Tuesday, November 25, 2008

A Hooray for Flat Ranch Volunteers

A fun way to help the wildlife and nature of your local area is to volunteer at your local nature preserve. There are lists upon lists of projects to be completed every year, and many call for more hands than we have on our staff. These volunteer days are fun ways to give your time and lend a helping hand to Mother Nature. This summer at the Flat Ranch we had two such volunteer opportunities.

The week of August 18 we built just over a kilometer of four-strand, wildlife-friendly fence. The trick to making a wildlife-friendly fence is making sure the bottom strand of wire is high enough that antelope can run under it without stopping, and the top strand of wire is low enough that larger mammals like elk can jump over it without stopping. The fence posts must also be set a certain distance apart to ensure room for wildlife crossing. Let-own fences are constructed with “runners” and “dancers”. The runners used on the Flat Ranch are 6-7” 8 foot long fence posts spaced 16 feet apart. The dancers are 4-5” 5 foot long posts that are held against each runner with wire. The barbed wire is stapled onto the dancers, and the dancers are laid down every winter when the cattle are not on the ranch. Constructing a fence with this many posts, staples, and exact specifications is no easy task for The Nature Conservancy’s work force. This new fence would not have been possible without the help of our volunteers who worked countless hours in less than perfect conditions to help us build it.

On October 23 we had our second volunteer day at the Flat Ranch. On this day we planted 200 5-gallon willows. These willows were custom grown for the Ranch, and planted to continue our woody riparian vegetation restoration on the Henry’s Fork. This restoration work began as an effort to reduce sedimentation in the Henry’s Fork that was detrimental to the native fishery. With one skid-steer mounted auger, one two-man power auger, shovels, gloves, and a lot of determination, our volunteers closed the final chapter on the active vegetation work. Several of the willows were marked for survival studies that will help in future vegetation work on the ranch. The day went smoothly with all 200 willows in the ground in about 4 hours. It never would have been possible without the help of so many conservation minded people, and I would like to thank everyone who came out and pitched in. --Dava McCann, East Idaho land steward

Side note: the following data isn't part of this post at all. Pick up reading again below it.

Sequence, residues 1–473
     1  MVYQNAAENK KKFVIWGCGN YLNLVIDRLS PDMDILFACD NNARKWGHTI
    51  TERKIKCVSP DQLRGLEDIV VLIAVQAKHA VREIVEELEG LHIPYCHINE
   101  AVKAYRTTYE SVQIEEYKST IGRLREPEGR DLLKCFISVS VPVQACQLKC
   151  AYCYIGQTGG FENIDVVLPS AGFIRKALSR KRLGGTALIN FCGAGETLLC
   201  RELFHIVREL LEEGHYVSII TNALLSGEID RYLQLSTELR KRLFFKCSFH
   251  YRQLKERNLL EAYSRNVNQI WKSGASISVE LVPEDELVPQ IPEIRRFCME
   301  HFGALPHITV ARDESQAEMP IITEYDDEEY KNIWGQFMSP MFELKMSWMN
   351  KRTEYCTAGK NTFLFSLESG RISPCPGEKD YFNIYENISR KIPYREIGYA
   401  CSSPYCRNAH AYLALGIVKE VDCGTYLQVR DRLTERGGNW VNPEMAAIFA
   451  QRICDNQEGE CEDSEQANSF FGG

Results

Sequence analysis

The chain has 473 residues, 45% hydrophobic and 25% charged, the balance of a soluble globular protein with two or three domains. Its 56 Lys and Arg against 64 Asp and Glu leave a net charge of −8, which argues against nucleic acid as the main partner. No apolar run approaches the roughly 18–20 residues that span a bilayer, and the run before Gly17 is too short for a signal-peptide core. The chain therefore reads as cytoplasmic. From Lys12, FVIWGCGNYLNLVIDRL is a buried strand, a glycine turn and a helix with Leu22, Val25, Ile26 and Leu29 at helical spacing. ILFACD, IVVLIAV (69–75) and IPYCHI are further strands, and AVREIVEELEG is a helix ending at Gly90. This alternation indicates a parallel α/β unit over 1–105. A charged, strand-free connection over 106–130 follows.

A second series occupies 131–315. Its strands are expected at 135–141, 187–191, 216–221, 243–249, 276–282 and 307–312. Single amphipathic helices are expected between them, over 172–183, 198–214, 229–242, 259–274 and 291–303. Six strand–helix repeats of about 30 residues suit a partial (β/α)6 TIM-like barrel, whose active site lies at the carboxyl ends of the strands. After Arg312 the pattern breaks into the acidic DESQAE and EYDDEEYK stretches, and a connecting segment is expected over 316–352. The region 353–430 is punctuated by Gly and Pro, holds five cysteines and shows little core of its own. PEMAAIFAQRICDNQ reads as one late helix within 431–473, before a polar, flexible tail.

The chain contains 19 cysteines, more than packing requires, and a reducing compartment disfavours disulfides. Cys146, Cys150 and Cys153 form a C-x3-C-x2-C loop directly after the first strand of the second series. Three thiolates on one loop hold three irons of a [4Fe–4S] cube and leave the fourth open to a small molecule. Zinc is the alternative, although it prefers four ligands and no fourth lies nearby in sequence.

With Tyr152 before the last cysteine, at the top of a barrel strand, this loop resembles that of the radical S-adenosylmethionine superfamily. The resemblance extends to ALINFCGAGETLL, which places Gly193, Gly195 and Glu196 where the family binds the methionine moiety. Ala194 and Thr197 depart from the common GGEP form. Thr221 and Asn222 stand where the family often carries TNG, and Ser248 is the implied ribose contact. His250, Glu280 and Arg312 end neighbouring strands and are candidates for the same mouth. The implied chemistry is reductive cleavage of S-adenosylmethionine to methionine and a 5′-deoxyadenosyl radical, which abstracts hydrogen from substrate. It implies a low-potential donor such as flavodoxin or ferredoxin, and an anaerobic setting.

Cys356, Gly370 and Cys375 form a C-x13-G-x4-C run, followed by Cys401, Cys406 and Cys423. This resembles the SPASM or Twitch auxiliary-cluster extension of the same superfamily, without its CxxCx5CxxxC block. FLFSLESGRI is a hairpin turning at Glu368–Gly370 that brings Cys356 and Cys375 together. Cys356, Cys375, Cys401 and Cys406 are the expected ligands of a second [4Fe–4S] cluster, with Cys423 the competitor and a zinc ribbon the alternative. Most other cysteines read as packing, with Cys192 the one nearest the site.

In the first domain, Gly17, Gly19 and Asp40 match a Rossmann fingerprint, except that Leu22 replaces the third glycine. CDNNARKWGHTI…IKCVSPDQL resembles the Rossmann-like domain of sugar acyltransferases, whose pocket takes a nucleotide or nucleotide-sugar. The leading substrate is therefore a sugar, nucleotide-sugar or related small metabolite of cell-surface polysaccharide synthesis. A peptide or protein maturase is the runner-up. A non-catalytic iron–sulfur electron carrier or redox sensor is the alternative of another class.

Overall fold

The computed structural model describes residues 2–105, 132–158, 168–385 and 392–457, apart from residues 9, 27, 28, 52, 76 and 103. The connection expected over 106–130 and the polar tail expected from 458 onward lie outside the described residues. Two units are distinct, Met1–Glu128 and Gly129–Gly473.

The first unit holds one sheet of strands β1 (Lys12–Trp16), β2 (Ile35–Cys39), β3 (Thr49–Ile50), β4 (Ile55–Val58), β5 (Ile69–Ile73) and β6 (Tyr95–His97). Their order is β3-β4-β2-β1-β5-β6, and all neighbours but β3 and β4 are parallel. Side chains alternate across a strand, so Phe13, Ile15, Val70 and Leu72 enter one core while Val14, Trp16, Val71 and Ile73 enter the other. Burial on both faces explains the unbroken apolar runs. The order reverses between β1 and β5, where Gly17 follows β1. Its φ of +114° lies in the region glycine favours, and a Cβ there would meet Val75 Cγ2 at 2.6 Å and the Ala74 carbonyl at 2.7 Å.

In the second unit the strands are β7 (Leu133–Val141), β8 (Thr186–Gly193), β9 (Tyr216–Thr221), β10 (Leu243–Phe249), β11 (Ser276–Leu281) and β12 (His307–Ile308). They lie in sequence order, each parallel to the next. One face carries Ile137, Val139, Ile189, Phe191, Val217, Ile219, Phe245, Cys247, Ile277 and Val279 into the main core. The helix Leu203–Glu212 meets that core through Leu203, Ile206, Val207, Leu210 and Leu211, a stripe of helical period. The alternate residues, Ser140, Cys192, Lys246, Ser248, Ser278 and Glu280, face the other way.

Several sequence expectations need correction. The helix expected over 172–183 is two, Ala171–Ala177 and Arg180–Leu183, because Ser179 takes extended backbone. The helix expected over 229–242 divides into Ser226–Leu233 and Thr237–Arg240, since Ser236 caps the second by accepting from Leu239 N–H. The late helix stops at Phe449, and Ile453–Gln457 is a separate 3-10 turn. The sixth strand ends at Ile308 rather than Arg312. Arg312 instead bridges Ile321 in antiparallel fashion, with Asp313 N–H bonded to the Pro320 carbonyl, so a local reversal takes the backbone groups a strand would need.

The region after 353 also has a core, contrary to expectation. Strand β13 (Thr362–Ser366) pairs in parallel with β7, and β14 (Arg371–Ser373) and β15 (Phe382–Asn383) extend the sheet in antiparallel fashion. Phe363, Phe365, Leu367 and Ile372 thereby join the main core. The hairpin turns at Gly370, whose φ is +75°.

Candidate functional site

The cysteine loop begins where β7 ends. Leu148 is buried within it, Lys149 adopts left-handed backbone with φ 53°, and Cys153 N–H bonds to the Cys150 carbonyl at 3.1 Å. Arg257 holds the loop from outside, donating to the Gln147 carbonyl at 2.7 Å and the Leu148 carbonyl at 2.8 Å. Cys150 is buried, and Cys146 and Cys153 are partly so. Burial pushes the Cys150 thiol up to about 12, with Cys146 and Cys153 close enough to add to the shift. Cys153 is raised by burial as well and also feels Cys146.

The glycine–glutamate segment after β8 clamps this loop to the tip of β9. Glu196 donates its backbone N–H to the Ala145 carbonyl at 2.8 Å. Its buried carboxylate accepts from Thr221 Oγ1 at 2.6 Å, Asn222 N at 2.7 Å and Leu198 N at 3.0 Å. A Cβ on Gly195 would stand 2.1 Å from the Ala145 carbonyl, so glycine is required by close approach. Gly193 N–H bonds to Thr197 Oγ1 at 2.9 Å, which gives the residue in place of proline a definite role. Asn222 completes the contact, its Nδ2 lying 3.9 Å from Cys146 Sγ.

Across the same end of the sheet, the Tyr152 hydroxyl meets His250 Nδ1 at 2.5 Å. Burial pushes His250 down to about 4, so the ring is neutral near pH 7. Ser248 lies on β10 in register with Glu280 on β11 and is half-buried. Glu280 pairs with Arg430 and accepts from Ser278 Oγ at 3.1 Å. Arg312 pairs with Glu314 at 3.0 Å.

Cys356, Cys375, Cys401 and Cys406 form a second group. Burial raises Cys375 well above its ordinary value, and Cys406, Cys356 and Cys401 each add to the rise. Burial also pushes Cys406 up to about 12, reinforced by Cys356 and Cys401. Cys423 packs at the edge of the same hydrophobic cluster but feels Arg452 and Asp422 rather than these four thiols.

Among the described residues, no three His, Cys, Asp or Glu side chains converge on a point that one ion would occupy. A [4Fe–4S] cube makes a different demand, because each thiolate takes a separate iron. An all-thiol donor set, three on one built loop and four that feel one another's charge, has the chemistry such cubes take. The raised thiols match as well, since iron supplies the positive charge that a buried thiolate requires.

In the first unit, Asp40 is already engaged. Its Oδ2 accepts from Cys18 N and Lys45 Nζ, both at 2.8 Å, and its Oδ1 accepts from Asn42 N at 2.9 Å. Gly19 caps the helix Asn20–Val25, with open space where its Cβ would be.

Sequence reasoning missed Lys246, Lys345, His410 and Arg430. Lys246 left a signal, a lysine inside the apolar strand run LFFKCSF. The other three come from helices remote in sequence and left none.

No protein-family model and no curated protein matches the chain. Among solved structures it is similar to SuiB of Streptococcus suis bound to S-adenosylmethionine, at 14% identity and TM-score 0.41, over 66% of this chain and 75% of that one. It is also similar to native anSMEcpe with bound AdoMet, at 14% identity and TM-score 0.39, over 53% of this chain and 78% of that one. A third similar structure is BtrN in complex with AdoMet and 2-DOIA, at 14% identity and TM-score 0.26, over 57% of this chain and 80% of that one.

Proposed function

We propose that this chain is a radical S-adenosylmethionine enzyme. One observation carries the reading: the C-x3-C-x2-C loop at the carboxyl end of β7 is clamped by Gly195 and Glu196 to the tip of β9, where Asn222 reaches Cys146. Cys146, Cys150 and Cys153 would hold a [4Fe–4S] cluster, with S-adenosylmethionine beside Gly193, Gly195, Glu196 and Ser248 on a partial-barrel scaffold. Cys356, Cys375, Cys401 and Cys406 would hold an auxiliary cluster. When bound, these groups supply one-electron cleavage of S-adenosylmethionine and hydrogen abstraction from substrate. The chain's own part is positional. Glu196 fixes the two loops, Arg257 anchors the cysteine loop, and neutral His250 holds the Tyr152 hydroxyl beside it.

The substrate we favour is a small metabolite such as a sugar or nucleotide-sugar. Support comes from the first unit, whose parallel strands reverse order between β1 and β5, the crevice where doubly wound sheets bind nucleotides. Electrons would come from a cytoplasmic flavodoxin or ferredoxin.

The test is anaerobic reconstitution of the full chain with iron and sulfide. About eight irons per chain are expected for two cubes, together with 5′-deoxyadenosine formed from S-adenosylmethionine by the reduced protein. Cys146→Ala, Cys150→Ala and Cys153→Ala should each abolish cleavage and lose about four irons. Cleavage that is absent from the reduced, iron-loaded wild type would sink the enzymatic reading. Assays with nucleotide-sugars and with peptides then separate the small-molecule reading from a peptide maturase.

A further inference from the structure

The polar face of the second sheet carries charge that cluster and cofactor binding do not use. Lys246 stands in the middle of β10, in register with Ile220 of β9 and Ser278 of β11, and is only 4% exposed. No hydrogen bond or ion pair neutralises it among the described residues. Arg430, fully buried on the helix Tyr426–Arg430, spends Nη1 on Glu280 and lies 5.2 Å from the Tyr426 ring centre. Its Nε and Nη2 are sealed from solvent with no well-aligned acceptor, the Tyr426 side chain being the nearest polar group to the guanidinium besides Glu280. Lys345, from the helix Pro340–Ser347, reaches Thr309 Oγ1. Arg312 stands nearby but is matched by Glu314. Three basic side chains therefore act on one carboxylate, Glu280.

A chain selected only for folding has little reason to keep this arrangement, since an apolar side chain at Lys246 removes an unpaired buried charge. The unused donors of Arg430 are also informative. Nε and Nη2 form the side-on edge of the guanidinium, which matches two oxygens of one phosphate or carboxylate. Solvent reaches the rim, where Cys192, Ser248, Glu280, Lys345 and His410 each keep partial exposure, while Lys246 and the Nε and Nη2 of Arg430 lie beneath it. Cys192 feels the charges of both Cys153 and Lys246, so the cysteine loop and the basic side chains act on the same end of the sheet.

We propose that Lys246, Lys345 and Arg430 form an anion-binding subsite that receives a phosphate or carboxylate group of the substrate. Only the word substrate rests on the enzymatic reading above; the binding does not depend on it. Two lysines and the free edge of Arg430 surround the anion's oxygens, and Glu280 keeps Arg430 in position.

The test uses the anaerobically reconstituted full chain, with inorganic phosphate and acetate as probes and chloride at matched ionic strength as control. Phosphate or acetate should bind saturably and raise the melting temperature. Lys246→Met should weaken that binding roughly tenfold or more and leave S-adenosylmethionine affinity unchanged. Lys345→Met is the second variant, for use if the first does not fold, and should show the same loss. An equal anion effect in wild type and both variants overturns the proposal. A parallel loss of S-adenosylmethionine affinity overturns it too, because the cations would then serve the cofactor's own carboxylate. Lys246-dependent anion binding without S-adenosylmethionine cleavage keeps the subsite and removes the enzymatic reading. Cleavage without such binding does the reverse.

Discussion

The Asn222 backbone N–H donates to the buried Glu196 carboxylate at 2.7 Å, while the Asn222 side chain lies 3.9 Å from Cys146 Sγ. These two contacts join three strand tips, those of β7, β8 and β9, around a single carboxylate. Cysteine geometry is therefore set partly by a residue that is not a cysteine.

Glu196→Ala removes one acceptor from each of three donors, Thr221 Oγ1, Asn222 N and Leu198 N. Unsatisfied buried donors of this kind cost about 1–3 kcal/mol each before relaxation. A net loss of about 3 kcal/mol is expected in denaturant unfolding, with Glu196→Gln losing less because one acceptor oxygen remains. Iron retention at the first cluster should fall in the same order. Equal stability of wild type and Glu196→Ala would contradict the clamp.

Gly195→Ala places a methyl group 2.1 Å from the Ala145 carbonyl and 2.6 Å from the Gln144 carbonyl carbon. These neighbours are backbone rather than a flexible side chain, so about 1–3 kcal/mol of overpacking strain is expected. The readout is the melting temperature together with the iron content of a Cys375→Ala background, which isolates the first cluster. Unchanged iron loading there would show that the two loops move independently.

Fencing Volunteers: Matt Frazier, Dannye Hanrahan, Dennis Hanrahan, Lee King, Phyllis King, Jerry Linderman, Marilynne Manguba, Anne Marie Emery Miller and Gretchen Vanek.

Willow Planting Volunteers: Jen Chutz, Jim DeRito, Sarah Grigg, Lee King, Anne Marie Emery Miller, Nancy Olson, Melanie Sessions, Bob Stantos, Steve Trafton, Ron Troy

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